There was a look of surprise on Sam Bari’s face when he first heard that Canadian warplanes had dropped bombs in Syria. The 28-year-old media liaison officer working with the local Kurdish administration in Amude, a small town in Syria’s Kurdish-controlled areas bordering Turkey, had just finished explaining to Maclean’s how important the bombing raids were for militia fighters battling Islamic State. “Why doesn’t Canada join the coalition?” he had asked, oblivious to the fact that Canada had been a part of the air campaign in Syria since early April. “It would help us more to fight Da’ish,” he added, using the Arabic term for Islamic State.
His ignorance was excusable. Since Prime Minister Stephen Harper announced in late March that Canada would be expanding its contribution to the fight against Islamic State, to Syria, Canadian CF-18 fighter jets had carried out less than a dozen sorties and even fewer actual strikes, as of last month. The Kurds, meanwhile, had been involved in an aggressive offensive, backed up by U.S. air support, pushing Islamic State back from the Turkish border and marching toward its self-proclaimed capital in Ar-Raqqah.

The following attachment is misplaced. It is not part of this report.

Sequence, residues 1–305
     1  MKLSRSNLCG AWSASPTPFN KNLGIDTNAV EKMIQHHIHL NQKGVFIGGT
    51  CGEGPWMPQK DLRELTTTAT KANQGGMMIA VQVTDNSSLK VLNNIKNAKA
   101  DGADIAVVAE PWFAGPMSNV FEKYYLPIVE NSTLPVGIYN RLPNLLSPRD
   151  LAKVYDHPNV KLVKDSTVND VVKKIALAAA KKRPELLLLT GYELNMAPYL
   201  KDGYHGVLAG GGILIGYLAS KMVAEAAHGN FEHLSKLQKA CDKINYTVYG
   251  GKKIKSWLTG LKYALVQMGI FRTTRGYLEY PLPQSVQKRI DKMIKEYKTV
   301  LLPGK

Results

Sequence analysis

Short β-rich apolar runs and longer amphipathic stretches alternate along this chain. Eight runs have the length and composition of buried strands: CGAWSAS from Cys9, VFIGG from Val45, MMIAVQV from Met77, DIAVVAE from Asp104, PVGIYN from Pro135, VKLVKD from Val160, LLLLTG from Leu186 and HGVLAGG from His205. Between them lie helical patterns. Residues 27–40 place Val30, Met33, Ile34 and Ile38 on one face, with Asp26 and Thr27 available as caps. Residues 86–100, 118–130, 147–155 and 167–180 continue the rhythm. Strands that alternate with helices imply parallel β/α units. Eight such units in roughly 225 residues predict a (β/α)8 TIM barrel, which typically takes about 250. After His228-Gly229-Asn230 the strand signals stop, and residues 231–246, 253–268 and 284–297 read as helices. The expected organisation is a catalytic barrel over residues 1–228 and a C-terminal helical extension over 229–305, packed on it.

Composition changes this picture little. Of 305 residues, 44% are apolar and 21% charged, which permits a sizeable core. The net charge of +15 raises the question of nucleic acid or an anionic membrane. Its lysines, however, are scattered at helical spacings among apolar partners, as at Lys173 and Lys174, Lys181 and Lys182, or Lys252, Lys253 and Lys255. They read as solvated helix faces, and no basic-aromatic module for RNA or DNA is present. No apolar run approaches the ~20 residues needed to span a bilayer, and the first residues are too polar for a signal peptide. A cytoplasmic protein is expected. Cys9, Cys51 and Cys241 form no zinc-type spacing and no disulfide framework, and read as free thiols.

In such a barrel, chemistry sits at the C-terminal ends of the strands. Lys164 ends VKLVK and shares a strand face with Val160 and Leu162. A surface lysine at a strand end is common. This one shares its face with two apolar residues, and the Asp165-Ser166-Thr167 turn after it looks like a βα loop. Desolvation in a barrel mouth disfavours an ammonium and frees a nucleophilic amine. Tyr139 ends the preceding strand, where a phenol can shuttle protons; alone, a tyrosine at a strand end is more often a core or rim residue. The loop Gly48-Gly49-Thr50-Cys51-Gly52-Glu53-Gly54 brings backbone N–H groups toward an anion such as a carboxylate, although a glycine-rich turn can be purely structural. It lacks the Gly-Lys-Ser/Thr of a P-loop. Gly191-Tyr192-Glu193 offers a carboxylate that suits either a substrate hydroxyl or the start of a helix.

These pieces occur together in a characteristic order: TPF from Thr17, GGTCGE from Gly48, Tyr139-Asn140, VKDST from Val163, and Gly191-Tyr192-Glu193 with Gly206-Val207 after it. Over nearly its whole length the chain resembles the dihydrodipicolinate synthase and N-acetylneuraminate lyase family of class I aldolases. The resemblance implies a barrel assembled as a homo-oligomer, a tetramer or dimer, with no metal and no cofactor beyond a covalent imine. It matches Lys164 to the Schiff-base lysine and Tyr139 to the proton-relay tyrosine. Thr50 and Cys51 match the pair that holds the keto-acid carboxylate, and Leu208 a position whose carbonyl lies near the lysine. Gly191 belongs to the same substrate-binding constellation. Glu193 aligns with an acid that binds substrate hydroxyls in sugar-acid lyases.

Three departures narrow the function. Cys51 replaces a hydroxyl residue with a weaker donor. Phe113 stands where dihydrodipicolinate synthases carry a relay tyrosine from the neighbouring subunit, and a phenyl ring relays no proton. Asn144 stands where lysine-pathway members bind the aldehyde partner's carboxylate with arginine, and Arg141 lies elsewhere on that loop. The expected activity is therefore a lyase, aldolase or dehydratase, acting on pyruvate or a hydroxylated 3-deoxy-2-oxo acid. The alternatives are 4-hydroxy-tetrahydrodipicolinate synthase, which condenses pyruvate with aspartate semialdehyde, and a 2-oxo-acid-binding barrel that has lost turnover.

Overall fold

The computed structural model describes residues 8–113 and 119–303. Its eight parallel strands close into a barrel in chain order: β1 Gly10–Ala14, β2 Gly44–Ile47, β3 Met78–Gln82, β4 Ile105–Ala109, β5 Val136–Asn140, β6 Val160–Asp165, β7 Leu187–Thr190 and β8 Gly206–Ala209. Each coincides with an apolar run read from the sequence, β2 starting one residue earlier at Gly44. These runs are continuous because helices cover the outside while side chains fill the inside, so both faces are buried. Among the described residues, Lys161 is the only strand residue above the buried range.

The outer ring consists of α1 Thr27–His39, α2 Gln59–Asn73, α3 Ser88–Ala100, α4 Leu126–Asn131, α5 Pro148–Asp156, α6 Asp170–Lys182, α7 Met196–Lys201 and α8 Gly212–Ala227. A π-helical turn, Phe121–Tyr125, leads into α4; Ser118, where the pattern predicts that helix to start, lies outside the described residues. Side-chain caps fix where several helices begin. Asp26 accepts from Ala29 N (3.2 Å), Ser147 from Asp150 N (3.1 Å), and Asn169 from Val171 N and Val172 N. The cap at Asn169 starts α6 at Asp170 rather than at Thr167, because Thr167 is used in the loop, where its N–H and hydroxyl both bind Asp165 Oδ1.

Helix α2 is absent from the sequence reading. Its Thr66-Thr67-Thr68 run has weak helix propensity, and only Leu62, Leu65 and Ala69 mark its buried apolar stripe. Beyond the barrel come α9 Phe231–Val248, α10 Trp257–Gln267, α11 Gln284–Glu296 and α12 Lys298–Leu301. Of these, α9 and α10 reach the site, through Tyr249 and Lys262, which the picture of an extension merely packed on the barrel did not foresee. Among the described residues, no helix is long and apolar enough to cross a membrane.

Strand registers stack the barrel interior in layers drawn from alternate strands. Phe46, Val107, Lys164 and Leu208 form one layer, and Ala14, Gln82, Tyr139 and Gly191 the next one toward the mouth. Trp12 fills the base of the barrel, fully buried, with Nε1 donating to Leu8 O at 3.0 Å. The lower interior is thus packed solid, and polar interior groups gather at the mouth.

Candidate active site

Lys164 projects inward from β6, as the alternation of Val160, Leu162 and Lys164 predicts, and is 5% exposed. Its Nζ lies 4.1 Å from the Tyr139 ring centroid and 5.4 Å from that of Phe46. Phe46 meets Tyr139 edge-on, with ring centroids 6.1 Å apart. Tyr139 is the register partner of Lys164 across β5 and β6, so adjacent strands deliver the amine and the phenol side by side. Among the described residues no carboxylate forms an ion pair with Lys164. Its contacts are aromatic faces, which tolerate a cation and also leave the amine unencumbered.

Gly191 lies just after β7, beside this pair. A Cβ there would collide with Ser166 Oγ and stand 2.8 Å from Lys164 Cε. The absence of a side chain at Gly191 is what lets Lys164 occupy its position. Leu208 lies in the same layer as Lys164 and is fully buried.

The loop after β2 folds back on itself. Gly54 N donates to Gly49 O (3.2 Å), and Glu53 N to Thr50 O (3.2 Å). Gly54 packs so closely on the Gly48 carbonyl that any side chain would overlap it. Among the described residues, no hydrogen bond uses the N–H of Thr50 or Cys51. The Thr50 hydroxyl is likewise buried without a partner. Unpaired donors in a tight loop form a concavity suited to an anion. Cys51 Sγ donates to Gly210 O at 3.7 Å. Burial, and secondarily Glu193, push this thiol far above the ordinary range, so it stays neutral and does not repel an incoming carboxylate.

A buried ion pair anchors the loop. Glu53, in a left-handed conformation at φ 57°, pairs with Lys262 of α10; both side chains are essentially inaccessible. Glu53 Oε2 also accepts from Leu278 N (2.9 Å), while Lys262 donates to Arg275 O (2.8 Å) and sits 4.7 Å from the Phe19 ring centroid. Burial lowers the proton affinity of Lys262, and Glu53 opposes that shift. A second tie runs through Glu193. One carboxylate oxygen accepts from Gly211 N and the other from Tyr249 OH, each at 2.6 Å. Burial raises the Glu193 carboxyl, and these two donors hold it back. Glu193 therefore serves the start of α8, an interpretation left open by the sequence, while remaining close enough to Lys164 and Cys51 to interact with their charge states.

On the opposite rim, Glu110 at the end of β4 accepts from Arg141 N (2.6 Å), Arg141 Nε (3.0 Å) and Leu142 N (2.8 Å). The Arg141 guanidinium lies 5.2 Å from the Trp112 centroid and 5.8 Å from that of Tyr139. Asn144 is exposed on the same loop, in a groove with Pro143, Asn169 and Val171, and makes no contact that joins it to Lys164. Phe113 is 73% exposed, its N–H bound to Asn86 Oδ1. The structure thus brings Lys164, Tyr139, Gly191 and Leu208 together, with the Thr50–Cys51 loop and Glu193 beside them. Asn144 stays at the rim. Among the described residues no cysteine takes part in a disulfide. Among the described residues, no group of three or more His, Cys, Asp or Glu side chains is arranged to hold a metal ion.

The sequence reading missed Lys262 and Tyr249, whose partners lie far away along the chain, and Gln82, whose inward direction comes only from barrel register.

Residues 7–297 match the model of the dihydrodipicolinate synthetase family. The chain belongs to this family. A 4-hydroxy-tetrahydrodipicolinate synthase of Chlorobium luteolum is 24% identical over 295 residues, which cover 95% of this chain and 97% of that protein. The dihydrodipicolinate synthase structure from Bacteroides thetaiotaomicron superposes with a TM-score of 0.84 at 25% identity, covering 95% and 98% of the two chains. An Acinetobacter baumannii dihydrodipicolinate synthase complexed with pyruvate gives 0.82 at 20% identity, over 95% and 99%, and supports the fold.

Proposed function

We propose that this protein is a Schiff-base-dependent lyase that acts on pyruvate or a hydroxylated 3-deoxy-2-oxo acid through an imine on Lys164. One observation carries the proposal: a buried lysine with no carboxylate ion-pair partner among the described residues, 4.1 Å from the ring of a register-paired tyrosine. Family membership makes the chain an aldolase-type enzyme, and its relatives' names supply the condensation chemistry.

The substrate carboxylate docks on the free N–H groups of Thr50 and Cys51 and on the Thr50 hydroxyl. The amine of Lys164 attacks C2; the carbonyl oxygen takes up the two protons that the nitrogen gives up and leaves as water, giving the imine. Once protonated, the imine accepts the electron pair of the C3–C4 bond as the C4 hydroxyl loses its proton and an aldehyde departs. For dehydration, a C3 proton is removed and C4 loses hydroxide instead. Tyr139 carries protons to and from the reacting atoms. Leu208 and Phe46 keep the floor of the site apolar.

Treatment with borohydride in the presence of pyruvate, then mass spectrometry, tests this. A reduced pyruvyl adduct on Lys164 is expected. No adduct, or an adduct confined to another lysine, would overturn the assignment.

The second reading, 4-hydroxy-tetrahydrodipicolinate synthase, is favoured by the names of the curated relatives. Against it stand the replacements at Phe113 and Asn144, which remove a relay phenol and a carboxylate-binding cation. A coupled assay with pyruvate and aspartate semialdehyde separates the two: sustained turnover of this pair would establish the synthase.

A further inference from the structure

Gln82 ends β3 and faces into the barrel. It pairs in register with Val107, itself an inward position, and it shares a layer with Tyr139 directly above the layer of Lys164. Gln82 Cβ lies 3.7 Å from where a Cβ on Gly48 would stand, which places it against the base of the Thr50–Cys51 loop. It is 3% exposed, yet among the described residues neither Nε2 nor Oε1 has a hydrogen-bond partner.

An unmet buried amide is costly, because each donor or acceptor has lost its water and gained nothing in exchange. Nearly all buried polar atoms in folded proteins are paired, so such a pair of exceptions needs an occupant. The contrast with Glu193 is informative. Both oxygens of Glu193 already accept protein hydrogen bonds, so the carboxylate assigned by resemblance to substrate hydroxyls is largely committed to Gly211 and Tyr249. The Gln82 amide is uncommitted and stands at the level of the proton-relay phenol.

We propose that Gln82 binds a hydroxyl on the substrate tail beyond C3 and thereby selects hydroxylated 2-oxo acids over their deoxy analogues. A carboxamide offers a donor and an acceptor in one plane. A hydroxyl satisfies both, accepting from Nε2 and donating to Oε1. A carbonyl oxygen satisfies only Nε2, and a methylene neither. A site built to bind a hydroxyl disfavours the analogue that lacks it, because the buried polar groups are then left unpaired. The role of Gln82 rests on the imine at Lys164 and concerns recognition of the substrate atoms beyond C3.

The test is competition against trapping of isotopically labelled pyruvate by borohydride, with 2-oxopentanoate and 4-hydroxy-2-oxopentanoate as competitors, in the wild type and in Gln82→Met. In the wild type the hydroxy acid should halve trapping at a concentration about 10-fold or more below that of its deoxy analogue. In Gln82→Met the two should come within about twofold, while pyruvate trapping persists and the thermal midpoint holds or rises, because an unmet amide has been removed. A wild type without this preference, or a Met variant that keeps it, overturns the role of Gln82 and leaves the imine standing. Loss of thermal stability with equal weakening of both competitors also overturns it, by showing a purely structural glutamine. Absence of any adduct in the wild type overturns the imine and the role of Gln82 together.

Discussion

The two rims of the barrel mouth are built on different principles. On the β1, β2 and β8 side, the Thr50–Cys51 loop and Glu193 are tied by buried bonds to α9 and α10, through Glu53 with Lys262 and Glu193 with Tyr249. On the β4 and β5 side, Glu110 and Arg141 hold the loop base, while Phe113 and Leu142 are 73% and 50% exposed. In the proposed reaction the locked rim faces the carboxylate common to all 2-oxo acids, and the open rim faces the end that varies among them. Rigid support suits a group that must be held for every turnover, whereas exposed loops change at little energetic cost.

During his speech to Parliament, Harper had projected an image of steely resolve, emphasizing that “ISIL must be resisted, and resisted by force,” (ISIL being the acronym for Islamic State favoured by the U.S. administration). He speciﬁcally referred to Ar-Raqqah, stating that his “government recognizes that ISIL’s power base, indeed the so-called caliphate’s capital, is in Syria.” And yet, when the Kurds marched on that same capital, Canadian fighter jets were nowhere to be seen. According to Department of National Defence figures, Canadian air assets have participated in less than three per cent of all coalition missions in Iraq and Syria.
The lack of meaningful participation has raised the obvious question: Should Canada be involved in the air campaign at all? “There’s a lot of debate in security circles over why Canada hasn’t done more,” says Stephen Saideman, the Paterson Chair in International Affairs at Carleton University. “Canada does bring some useful hardware into the war theatre. The two Aurora surveillance aircraft are a key contribution, for instance.”